Who will be the X factor for Capitals-Lightning Game 7? Who will win?
Greg Wyshynski, senior NHL writer: Capitals fans waited roughly three rounds for Braden Holtby to step up and win a game for them on his own. Not just play well, but be the difference. He did that in Game 6, playing flawlessly in making 24 saves for his first shutout of the season. “Game 7’s going to be no different than [Games] 1-6 of this series,” he said.
Well, that might be Holtby’s mindset because he is 2-4 in Game 7s in his career, even though he has a respectable .923 save percentage. He has not been a liability in most of those losses, but he also hasn’t exerted his will on a game like he did in Game 6. Lightning goalie Andrei Vasilevskiy has given no indication that his stellar play is going to wane in Game 7. Holtby has to match him — and better him.
That said, I don’t think that’s going to happen. I’m going to go back to something Lightning coach Jon Cooper said about home-ice advantage in the playoffs: It really doesn’t become a factor until Game 7. I think the Lightning find their level and eek out a win in Game 7 to advance to face the Vegas Golden Knights in the Stanley Cup Final.
Emily Kaplan, international NHL reporter: The Lightning’s top line is the X factor for me, specifically Nikita Kucherov. It feels like there’s something off with the 100-point scorer lately — Jon Cooper even moved his stud winger off the first line for some of Game 6. Kucherov and Steven Stamkos recorded only one shot each in Game 6; neither looked on. (I will note, Kucherov did ring one off the post at the end of the second period.) After blazing through the start of the playoffs with five goals in his first five games, Kucherov has scored just once in the Lightning’s last seven. And a player known for his physicality hasn’t recorded a hit in five straight contests.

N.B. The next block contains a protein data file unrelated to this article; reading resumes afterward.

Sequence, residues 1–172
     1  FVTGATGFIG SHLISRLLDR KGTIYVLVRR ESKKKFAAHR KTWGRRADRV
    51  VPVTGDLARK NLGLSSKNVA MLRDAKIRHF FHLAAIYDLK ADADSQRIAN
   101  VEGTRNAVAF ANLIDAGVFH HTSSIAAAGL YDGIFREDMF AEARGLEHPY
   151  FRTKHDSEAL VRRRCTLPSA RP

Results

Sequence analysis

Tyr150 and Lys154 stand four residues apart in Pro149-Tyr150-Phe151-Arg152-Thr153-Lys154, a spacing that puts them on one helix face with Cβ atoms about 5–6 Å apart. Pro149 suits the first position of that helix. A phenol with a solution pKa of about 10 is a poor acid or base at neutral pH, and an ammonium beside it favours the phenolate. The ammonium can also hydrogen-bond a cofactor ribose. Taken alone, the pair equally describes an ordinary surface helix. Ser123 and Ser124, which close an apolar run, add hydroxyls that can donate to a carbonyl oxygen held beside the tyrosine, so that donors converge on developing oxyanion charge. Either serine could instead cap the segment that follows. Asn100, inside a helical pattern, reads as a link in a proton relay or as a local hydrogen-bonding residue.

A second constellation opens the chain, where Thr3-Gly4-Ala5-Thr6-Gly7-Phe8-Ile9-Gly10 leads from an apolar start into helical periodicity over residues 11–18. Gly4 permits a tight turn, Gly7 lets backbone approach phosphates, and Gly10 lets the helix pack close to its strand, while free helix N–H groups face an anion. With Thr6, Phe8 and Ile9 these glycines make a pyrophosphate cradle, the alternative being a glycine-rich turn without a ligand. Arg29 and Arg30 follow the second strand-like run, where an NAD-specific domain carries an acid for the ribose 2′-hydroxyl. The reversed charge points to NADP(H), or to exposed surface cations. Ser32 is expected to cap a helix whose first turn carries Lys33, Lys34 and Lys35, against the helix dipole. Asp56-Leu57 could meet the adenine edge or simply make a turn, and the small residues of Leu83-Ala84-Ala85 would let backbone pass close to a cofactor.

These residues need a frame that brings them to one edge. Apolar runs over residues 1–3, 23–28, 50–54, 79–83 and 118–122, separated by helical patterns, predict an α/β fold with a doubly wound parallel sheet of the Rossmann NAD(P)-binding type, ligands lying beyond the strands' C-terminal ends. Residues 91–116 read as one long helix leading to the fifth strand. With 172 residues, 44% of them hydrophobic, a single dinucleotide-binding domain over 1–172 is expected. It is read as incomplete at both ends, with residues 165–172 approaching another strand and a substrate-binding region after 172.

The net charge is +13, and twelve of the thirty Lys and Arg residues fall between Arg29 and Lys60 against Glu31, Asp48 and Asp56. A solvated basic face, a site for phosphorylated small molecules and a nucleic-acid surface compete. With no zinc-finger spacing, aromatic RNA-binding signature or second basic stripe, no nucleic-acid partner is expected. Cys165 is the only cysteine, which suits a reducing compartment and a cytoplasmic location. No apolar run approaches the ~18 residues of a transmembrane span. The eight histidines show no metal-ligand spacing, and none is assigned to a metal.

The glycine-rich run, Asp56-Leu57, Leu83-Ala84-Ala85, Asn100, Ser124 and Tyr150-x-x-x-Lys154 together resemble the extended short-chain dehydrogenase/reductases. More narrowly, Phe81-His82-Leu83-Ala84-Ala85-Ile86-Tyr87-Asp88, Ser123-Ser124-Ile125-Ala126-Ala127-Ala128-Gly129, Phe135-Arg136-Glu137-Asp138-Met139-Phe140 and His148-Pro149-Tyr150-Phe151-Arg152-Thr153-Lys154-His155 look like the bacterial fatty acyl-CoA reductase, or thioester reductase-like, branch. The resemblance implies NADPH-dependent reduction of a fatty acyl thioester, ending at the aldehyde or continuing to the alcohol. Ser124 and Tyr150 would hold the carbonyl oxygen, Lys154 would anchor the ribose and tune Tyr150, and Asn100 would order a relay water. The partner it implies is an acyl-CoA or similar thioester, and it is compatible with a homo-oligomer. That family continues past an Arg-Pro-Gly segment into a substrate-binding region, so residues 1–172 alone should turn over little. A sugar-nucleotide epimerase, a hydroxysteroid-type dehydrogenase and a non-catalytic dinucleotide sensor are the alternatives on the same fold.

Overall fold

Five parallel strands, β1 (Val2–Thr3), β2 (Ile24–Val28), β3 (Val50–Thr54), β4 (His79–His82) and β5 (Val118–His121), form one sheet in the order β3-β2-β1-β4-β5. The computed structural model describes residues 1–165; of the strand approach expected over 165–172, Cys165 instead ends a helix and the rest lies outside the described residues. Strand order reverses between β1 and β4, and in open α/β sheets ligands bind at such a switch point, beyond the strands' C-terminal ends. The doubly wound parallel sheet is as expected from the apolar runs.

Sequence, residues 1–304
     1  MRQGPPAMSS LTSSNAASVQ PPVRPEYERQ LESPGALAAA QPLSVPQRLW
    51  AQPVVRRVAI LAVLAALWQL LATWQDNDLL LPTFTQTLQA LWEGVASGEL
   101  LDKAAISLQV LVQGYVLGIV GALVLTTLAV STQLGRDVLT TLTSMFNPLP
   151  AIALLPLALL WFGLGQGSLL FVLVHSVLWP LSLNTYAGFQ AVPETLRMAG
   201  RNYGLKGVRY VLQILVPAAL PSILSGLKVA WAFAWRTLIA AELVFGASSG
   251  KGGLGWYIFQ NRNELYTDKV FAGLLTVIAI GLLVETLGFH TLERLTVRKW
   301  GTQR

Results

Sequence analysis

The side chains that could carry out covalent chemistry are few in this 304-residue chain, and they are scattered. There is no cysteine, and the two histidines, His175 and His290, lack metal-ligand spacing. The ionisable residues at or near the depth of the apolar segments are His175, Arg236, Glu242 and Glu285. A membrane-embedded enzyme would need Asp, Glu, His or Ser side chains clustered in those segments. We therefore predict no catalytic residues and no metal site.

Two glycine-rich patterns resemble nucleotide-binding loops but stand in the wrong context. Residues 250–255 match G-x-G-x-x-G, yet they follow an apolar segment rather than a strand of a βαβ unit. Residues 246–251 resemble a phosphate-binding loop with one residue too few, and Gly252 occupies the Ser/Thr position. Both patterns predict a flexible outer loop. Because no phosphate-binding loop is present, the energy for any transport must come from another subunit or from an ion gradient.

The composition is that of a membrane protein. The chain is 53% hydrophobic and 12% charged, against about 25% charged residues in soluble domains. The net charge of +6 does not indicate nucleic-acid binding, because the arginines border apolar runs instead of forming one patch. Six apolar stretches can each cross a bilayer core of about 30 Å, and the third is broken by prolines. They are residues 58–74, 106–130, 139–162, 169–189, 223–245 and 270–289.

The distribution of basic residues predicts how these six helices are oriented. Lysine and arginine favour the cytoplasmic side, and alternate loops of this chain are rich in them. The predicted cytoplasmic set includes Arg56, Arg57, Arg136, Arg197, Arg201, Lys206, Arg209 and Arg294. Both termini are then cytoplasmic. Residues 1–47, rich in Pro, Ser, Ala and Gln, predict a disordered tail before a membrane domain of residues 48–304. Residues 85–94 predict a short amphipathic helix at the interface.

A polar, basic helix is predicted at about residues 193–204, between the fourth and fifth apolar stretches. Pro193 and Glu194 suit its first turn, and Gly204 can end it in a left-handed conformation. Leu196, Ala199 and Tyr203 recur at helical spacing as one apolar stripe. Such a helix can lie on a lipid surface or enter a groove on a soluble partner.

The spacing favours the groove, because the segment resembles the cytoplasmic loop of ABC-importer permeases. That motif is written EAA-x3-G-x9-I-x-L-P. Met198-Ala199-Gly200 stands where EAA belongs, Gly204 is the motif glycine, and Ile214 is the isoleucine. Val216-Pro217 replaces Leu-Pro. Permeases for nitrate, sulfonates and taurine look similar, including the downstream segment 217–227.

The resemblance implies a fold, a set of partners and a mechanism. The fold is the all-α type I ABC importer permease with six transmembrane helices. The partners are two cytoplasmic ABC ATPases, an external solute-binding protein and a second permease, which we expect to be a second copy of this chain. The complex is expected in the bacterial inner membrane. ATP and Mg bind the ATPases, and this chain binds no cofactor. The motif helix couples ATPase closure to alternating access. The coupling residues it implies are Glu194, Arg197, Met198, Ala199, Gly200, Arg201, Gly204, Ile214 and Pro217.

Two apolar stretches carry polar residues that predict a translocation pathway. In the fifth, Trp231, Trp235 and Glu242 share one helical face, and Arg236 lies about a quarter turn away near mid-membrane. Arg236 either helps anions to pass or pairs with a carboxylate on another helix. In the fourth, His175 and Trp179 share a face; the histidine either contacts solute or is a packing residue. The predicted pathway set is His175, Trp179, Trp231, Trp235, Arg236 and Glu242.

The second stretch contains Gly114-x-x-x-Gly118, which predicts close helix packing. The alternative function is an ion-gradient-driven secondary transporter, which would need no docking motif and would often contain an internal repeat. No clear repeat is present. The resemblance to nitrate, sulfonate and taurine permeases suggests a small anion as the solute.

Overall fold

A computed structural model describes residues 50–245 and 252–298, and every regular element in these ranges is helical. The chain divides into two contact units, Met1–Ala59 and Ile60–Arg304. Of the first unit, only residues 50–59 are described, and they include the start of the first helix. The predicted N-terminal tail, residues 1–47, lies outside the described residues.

This isn’t to place the blame solely on Kucherov. But we all know what he’s capable of when he’s on; he’s a one-man game-breaker with his skill and physicality. If Kucherov comes alive in Game 7, the Lightning’s chances for winning increase significantly, and that’s my pick for this contest.
Chris Peters, hockey prospects writer: I’ll often look to one of the goaltenders to be the difference in the game, but as we saw in Game 6, even another stellar performance from Vasilevskiy couldn’t save the Lightning. The Caps managed to scratch and claw their way to victory, and outlasted Tampa Bay with the help of their own goaltender. That was a statement win for the Caps, but I still like the Lightning’s chances here to come out of the series even though, as Emily noted, something is off with the top line.
That’s why I’m going with Brayden Point, who has had a remarkable postseason and has been one of Tampa’s top players in this series with six of his 16 playoff points coming against Washington. When the Bolts have been down this postseason, it has often been Point stepping up and responding. He has been a tenacious two-way force for the Bolts, often matching up against opponents’ top lines at even strength. At 22 years old, Point has quickly entered the discussion among the top young players in the game today. I think Point will make a significant contribution to a tight Game 7 win for Tampa Bay.
Ben Arledge, Insider NHL editor: While I love Chris’ Brayden Point selection and considered John Carlson from the other bench, I’m going with Yanni Gourde. The rookie potted 25 goals this season and eclipsed 60 points, yet he has just two goals in the playoffs, and none in the conference finals. The 26-year-old is due. Skating on a wing with Point and Tyler Johnson, and logging minutes with the second power-play unit, Gourde will be afforded plenty of opportunities to make a difference in Game 7.
Gourde has a nose for the net and a good shot, and I’ll look for him to play a sneaky big part in what I believe will be a Tampa Bay victory.